As I stepped into the bathing area, I was met by a shower to the left, a trough of water with buckets directly ahead, and to my right several rows of individual showering cubicles. Beyond all this was the bath. I knew that cleaning off before going in the bath was absolutely required, but I wasn’t sure– was I supposed to use the shower, or the trough, or the cubicles, or a combination? Was it a personal preference? All the signs were in Japanese, and I didn’t want to stand around the entire time looking clueless, so I made my way to an empty cubicle in the far corner where less people could see me making mistakes. The awkward thing about everyone being nude now was that I wanted to be able to see what other people were doing, for guidance, but I didn’t want to come off as a pervert.
Ah, the complications of bathing.
My previous Onsen experience had been much less fancy than Ooedo. The cubicle I sat at had a stool, a bucket, a faucet, a shower head, and a wide arrangement of soaps and shampoos. I imagined this must be what spas are like, though I’ve never actually been to a spa. The whole act of sloshing a bucket of water over my head felt very traditional to me, so it was in this way that I washed my hair. It hadn’t occurred to me that using the hand held shower on my body would send water flying behind me, but in any case, there was no one sitting over there, so I wasn’t too mortified. After a thorough rinsing to be sure there was no trace of soap, I wrapped my hair with my hand towel and made my way over to the bath.
Bathing area is more appropriate, as there were multiple baths of different sizes and depths and even waters. One had amber colored water, the other a bubbly white. There was a traditional hot tub and even a pool of cold water to dunk in if you became overheated. A sliding door led to an enclosed outdoor bathing area with several build in warm pools as well as individual barrel tubs. I tried them all, a genuine bath hopper, but I especially enjoyed the outdoor pools for the fact that the air was so cold, and the water was so warm. It was brisk.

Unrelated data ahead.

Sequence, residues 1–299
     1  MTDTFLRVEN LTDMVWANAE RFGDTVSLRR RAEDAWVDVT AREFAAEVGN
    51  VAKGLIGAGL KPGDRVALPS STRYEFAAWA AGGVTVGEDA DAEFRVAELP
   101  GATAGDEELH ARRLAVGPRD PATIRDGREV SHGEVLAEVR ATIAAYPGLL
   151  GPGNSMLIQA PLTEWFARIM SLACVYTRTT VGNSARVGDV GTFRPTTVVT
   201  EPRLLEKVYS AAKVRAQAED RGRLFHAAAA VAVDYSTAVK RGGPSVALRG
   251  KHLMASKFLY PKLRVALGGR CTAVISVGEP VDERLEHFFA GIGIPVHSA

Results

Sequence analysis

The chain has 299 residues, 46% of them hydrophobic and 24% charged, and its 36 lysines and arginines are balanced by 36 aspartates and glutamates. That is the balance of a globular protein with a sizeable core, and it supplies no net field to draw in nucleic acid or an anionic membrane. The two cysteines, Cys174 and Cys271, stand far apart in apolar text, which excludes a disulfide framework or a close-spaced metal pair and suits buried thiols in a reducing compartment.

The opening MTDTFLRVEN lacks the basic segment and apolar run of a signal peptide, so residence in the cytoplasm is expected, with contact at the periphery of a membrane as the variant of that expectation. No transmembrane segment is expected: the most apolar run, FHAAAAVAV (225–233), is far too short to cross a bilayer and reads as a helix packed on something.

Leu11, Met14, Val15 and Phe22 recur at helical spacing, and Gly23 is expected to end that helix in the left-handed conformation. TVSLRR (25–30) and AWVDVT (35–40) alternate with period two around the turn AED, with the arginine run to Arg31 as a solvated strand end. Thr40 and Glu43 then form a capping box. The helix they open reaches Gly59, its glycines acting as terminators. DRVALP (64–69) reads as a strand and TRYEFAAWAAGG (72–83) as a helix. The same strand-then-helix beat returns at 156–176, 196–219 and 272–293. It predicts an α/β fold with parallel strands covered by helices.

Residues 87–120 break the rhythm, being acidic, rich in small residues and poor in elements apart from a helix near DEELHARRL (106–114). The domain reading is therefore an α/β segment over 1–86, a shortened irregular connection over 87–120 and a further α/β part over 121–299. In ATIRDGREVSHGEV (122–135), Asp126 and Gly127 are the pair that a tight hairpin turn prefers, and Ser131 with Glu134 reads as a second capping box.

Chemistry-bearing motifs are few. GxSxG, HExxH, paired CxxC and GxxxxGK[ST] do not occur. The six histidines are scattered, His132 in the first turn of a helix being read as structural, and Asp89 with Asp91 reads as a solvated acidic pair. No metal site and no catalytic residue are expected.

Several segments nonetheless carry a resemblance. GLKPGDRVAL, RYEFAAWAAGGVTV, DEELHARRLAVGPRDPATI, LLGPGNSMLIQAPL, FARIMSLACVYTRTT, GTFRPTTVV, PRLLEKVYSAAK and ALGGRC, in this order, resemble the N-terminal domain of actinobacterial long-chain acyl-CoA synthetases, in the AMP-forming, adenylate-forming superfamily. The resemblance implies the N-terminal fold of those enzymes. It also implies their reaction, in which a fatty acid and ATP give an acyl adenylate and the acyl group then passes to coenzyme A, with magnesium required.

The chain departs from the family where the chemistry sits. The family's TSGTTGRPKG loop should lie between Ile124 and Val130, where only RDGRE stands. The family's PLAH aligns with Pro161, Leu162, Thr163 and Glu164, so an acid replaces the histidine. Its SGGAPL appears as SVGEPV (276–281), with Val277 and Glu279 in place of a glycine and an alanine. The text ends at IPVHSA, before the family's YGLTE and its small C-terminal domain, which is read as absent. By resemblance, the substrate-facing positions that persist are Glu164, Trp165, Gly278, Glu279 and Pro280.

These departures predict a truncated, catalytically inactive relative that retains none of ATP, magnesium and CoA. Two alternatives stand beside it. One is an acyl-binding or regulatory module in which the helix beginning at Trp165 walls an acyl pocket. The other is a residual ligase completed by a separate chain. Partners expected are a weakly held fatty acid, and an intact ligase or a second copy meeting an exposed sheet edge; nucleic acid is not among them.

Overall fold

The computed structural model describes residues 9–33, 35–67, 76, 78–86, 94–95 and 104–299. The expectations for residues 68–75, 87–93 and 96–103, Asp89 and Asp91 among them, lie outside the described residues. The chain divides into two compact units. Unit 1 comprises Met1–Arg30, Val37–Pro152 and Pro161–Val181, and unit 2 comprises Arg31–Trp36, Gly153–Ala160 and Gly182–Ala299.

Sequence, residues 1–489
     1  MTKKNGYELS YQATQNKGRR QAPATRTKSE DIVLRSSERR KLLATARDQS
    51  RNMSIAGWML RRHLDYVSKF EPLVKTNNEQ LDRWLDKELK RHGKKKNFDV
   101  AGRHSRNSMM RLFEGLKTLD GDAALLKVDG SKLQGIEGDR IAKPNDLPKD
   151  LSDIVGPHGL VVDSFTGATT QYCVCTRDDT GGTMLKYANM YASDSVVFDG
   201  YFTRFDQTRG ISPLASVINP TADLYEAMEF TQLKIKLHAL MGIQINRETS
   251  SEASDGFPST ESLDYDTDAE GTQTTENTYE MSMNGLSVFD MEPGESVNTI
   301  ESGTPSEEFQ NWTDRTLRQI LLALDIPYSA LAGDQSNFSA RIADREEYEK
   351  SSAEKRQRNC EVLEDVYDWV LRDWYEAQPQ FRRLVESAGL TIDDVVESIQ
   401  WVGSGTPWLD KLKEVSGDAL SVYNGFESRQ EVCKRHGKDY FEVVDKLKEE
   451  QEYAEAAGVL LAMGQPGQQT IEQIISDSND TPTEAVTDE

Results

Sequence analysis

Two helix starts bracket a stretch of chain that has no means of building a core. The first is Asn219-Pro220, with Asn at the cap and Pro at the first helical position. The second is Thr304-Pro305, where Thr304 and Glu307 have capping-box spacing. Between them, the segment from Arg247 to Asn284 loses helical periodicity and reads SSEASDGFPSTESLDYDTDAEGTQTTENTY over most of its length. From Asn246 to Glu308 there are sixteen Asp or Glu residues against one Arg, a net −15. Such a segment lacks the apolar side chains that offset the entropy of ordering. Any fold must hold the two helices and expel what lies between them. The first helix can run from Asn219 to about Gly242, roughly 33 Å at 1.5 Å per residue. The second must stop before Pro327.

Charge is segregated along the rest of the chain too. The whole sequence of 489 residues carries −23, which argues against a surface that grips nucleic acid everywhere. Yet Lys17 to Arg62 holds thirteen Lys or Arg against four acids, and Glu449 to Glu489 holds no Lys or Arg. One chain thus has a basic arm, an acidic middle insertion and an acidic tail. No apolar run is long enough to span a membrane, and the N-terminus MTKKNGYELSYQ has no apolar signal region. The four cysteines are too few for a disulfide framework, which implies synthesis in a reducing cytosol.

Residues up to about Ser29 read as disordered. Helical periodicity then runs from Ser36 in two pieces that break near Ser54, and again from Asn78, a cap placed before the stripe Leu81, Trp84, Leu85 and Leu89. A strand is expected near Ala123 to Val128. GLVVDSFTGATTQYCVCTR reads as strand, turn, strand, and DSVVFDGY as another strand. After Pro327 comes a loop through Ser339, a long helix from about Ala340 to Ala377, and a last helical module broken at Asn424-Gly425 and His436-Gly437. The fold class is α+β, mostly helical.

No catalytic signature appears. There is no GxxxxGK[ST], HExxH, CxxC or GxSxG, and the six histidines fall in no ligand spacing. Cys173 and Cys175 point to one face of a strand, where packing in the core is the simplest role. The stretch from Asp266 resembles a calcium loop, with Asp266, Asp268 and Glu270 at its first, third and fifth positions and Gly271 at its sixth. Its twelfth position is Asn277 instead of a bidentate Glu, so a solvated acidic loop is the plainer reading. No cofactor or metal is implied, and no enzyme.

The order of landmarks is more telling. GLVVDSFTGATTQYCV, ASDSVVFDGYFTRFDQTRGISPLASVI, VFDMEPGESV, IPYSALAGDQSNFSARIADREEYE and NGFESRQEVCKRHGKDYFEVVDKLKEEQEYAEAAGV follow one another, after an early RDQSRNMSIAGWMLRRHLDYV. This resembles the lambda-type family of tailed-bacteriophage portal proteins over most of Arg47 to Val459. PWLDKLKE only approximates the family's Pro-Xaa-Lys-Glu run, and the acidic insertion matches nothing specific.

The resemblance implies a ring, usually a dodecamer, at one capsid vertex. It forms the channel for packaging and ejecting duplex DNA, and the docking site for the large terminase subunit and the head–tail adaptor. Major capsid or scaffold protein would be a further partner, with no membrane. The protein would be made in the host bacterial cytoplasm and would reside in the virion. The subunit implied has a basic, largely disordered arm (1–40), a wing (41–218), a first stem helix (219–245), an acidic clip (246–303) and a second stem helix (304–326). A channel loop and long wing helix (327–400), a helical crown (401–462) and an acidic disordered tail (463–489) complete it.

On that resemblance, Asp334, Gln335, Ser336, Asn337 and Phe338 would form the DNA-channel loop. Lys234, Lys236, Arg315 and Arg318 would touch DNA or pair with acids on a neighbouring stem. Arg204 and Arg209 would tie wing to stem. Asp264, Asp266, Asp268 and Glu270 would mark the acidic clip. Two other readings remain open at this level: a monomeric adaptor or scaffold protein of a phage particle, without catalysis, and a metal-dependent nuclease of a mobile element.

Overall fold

Feeling cleaner than I ever had in my life, I went back out into the changing area, but the pampering continued. Here there were sinks where you could wash your face with exfoliating soap, blowdry your hair with special cream. There were individual combs and toothbrushes with built in toothpaste. There was even a vending machine with such necessities as deodorant, shaving razors, and even clean underpants. Given my previous underpants complications, I bought a pair, using the wristband from the front desk as a credit card.
Having dressed, I wandered back out into the mock streets of Edo and purchased some dinner, again using my wristband. Everywhere there were drink dispenses with several types of tea as well as cold water. I sat at one of the tatami tables, dining on a self serve bento and neon green melon float. Across from me was a large group of drunken men laughing and enjoying themselves.
Knowing that the trains to Fujimino stop running early, I’d planned from the start to stay the night at the Onsen. Although private rooms are available, it is quite common for people to come in during the evening and just spend the night going from bath to bath and resting in between. On the second floor were relaxation rooms, one common and one women’s only, which held reclining chairs with built in televisions. The room was mostly empty, with a few women napping or reading or watching television. I found an outlet to recharge my phone and relaxed in the chair, a complimentary blanket spread over me, watching Japanese game shows and occasionally nodding off. I did not sleep in the relaxation room, however. Wandering back downstairs to do another walk through of the stalls, which were starting to close in the late hour, I saw that one of the tatami dining areas had been converted into a sleeping area. Folding screens separated the room into a common and women’s only area, and each part had padded mats laid out in rows. The mats were surprisingly comfortable and it was there that I spent the night.
I woke early the next morning. Many girls were still asleep, and I crept quietly out of the sleeping area. It was early enough that most of the food stalls were still closed, as well as the foot bath, but I returned to the main bathing room to freshen up. The Onsen is not truly 24 hours; everyone must be out at 9am to give them a chance to clean. I managed one of the final baths of the morning then gathered up my things, changed back into my street clothes, and returned to reception. There I paid my bill; the entrance charge, an overnight fee, as well as all the items that had been charged to my wrist band. The total was higher than my daily budget, but well within my one splurge limit, and I left feeling very clean and satisfied.
There is nothing like a Japanese bath.